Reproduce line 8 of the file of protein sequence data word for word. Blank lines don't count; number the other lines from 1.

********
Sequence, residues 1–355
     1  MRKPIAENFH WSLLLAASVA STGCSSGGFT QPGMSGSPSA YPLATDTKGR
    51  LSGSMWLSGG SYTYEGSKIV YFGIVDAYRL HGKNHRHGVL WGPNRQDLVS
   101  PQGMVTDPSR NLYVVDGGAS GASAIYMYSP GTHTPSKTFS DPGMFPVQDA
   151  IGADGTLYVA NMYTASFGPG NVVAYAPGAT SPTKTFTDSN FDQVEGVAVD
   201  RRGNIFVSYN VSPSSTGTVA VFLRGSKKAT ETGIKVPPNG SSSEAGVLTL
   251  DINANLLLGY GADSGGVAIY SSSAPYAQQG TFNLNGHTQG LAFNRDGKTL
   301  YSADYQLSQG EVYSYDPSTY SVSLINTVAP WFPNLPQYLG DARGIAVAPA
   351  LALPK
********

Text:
   301  YSADYQLSQG EVYSYDPSTY SVSLINTVAP WFPNLPQYLG DARGIAVAPA